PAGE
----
Joseph: There’s a song called “Your Eyes.” I’ve put on a bunch of weight over the past five years, and I was really embarrassed about it. I’m married to this beautiful, amazing woman who looks great and is active. And I was going through a depression because I was running to food as comfort, and I ended up putting on 130 pounds. But I started feeling uncomfortable in my own skin. My job is to go stand in front of people to do interviews like this and singing in front of crowds, and I just didn’t even want to get out of the bus. But I had to realize that God is using me to minister to hurting people, and I don’t have to stay in the rut that I’m in. But I’ll never get out of this until I see the way that God sees me. I would look in the mirror and say these horrible things about myself right before getting on stage, ‘I look so fat and ugly and stupid.’ And I’m saying these things about myself and telling people not to say these things about themselves. I’m not being a hypocrite, or maybe I am, but I’m not superhuman. I deal with the same things that everyone else does. I know I’m not supposed to say those things about myself, and yet in that moment, I’m not thinking that way. And so I wrote a personal song about it with some of the lyrics being, ‘I wish I could forget the way I looked back then / I can’t believe what I’ve become / And every picture speaks a thousand words / It’s the story that I’m not enough.’ So what that means is if you look back at old videos like “Surrender” or “Caroline” or “Wasted Life”, they all can’t be erased. And I love those songs, but I looked different than I do now. I was alive and in shape, and I wish I could forget them because what it tells me is that what I am now isn’t what I used to be. But at the end of the day, I don’t have to stay and neither do you. And I’m down over 60 pounds now, and I’m still big, but I’m not where I was. And I’m not where I want to be, but I’m also not where I was. And every day I’m getting closer.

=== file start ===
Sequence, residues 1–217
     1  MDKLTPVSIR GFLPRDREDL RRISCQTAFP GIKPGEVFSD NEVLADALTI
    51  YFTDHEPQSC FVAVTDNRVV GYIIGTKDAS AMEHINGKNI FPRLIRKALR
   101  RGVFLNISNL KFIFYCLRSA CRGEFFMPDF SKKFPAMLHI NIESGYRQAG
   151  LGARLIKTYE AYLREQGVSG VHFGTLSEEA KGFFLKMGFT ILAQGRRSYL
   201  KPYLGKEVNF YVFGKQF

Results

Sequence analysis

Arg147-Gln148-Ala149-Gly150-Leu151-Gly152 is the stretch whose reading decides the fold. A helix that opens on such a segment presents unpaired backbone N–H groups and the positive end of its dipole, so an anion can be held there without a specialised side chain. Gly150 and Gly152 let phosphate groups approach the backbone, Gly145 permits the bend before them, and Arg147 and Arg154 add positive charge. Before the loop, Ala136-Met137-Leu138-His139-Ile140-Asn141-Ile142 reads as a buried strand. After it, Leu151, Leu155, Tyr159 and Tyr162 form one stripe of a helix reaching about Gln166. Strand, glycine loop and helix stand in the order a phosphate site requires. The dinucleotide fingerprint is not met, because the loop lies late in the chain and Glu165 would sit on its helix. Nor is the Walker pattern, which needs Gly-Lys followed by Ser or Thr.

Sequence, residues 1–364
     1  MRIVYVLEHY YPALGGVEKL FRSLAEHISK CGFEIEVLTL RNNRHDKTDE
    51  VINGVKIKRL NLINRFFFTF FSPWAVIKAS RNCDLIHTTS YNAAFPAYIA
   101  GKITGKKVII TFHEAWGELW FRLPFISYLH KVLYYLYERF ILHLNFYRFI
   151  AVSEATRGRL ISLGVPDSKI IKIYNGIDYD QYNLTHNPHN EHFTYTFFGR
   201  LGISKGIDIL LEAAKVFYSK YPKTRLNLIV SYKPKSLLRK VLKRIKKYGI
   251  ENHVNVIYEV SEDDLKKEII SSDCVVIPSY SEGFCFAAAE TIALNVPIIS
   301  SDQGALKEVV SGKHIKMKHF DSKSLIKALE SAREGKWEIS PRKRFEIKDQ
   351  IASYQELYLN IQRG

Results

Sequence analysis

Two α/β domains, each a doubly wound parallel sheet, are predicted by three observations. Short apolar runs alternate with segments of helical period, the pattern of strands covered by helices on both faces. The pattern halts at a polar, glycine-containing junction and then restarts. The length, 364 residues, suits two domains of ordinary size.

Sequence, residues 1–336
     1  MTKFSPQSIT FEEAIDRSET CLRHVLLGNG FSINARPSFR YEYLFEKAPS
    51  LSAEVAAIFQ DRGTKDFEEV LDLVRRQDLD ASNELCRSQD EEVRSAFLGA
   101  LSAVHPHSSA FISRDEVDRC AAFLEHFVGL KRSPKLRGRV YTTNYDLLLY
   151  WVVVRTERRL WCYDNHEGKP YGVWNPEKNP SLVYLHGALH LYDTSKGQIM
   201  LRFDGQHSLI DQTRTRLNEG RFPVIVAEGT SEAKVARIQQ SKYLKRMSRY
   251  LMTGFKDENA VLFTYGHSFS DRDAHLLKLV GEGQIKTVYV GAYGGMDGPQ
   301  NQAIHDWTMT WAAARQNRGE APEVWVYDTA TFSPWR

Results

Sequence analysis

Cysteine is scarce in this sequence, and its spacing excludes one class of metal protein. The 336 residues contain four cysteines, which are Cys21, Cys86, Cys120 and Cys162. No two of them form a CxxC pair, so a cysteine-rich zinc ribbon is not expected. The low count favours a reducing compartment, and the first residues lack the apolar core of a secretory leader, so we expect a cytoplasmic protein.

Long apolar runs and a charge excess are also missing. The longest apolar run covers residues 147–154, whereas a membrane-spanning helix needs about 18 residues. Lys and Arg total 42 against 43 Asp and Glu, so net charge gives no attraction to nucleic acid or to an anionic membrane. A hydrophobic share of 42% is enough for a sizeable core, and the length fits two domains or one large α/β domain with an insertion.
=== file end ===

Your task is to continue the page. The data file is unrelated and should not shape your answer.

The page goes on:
Blaise: So I wrote the lyrics for “The Letter” a couple of years ago during Jeremy’s altar call during tour. And he had asked ‘how many of you had considered suicide’ or ‘how many of you wouldn’t be here in a week if you hadn’t come to this concert’? And a lot of hands were raised, and it was sad for me that so many people were hurting, but I was also happy because they got there in time and they survived. But then I got really sad again because then I was thinking about all of the people that we didn’t reach in time. And there are so many people in the world, and we can only be in one place at a time. So I had the lyrics for awhile, and when we were writing for this album, we had some really awesome music that needed lyrics and melody for it. So me and my dad [Joseph] were in the studio in our house, and I brought those lyrics back out and it ended up going well. The verses are about two different people who ended up taking their lives and their stories of hurting, and the chorus is the suicide letter. So that’s why it’s called “The Letter.” And the song is to help bring awareness and show that we as a band may not be able to reach everyone, but there are how many people in the world. You can be that person to be there for them. You can be the person that keeps them alive.